Caffeine can also reduce “working” memory, even with people who do not receive caffeine regularly, probably because of strong body stimulation. A study published in the Journal of Strength and Conditioning found out that caffeine given before strenuous workout could increase exercise intensity and improve concentration. Caffeine intake can also improve reaction time, which can be especially helpful in sports that require quick decision-making – such as football or basketball. 
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2. Increase in physical and strength performance
A dose of 400 to 600 mg of caffeine is one of the most reliable ways to temporarily increase strength and physical performance. People who rarely take caffeine tend to experience a significant improvement in physical performance, especially during aerobic exercises or strength training. Caffeine can also play a role in regeneration after training. Taking caffeine together with carbohydrates can improve the condition of the glycemic stock, which is very important in regeneration, especially if you exercise regularly or more than once a day.
Glycogen (a storage form of glucose in the body) serves as the main fuel for muscle mass, and when it is reduced, one feels tired. The second “fuel” in our body is created by fat stores. As long as glycogen is available, working muscles are able to accumulate fat. Caffeine helps to mobilize fat stores and directs muscles to use the fat as fuel. After taking caffeine before training, the first 15 minutes are critical for glycogen, when it has been shown that caffeine has reduced the utilization of glycogen stores by nearly 50%. Thus, muscle glycogen is available as fuel only at later stages of training, which increases performance and prevents rapid onset of fatigue. Thus, caffeine prefers the use of fat stores as fuel instead of glycogen, which in addition to performance will also support fat burning.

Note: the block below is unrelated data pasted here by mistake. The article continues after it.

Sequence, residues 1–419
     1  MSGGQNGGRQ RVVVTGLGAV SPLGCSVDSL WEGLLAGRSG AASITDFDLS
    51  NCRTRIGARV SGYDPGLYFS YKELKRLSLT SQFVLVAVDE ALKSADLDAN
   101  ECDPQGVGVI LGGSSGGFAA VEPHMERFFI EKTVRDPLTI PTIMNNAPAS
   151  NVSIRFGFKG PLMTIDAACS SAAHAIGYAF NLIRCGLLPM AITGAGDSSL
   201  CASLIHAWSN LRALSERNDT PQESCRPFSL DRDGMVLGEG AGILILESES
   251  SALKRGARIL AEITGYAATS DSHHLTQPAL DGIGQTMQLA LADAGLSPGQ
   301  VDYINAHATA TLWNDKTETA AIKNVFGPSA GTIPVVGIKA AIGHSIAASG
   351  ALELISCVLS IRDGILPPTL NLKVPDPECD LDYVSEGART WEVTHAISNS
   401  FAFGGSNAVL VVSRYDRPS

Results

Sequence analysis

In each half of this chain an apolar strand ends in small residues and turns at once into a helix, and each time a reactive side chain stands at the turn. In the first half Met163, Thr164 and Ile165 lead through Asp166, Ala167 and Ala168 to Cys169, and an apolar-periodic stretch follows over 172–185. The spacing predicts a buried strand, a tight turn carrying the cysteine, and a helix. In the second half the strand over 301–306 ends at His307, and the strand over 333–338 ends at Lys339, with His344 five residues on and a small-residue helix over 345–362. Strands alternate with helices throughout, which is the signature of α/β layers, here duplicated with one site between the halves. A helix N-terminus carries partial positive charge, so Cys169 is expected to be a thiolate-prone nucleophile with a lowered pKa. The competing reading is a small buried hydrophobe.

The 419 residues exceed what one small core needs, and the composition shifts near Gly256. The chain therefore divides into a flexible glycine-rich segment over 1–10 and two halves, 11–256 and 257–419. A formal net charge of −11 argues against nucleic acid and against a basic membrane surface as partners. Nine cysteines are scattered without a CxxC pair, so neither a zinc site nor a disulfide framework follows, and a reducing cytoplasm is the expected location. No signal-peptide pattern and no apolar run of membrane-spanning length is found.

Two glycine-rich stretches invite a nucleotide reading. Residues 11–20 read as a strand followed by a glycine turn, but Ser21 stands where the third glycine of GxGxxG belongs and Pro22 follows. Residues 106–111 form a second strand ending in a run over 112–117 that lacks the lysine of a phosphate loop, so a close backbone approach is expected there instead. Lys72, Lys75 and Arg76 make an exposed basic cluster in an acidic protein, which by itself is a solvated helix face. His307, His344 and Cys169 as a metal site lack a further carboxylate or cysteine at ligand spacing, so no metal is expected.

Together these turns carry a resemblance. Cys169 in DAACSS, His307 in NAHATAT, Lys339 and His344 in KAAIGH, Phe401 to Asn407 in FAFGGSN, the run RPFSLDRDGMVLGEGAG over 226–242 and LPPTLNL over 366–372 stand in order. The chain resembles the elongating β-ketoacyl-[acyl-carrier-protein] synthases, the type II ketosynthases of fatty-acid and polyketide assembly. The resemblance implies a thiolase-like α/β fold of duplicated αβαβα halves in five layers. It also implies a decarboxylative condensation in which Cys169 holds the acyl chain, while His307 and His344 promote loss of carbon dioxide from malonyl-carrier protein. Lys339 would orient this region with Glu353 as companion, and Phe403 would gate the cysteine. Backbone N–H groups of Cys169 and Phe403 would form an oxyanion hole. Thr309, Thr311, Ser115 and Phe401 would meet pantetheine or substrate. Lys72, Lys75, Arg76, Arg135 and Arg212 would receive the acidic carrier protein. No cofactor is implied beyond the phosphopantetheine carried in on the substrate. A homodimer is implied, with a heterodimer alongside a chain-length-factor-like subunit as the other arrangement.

Caffeine also helps to block specific receptors in the body that are responsible for making us feel tired. This allows us to do more repetitions and add total energy and stamina to the workout. A 2012 study published in the Journal of Strength and Conditioning Research found out that 180 mg of caffeine, which was consumed 60 minutes before training, markedly increased physical performance during a workout, resulting in more bench press repetitions, deadlifts or squats. The caffeine supplemented group also had a reduced perception of exertion. In addition, caffeine has improved the power of the lower body as well as running performance. 
3. Fat burning support
There are two main reasons thanks to which caffeine is able to help with fat burning: the thermogenic effect (in the short term, caffeine can increase body temperature) and the weaker lipolytic effect, where caffeine can make triglycerides release fatty acids in the long term and the body can use them as “fuel”. There are also several studies showing the ability of caffeine to burn fat during exercise. Caffeine stimulates the nervous system and increases the epinephrine hormone level, both signalling the body to burn fat. While this ability is not directly related to fat loss, a combination of caffeine, a balanced diet, and an appropriate training plan can help you to work out your figure. 
Caffeine can increase the amount of the so-called relaxation energy, the number of calories you burn at rest up to 3 hours after it is consumed. Of course, this does not mean that you can eat everything that comes in hand, but an extra 200 to 300 calories burned each day can lead to a visible change in your weight.
4. Reduction of muscle fatigue
Whether you believe it or not, studies have shown that caffeine greatly helps reduce muscle fatigue by reducing the perception of exertion/pain during your workout. With less muscle fatigue, your performance is better, and you can even repeat some exercises that you wouldn’t otherwise have the energy to do. More repetitions and more work equal better results! 
Caffeine and pre-workout stimulants
As it is clear from the research mentioned above, each person reacts to caffeine differently. So it is up to you whether you decide to take a cup of coffee, caffeine tablets or a pre-workout stimulant before your training. However, sometimes caffeine is one of the components of the pre-workout stimulant itself. This is mainly because caffeine is one of the strong psychoactive stimulants that stimulate the central nervous system. It is its influence on our nervous system that can supply energy, improve concentration and avert fatigue.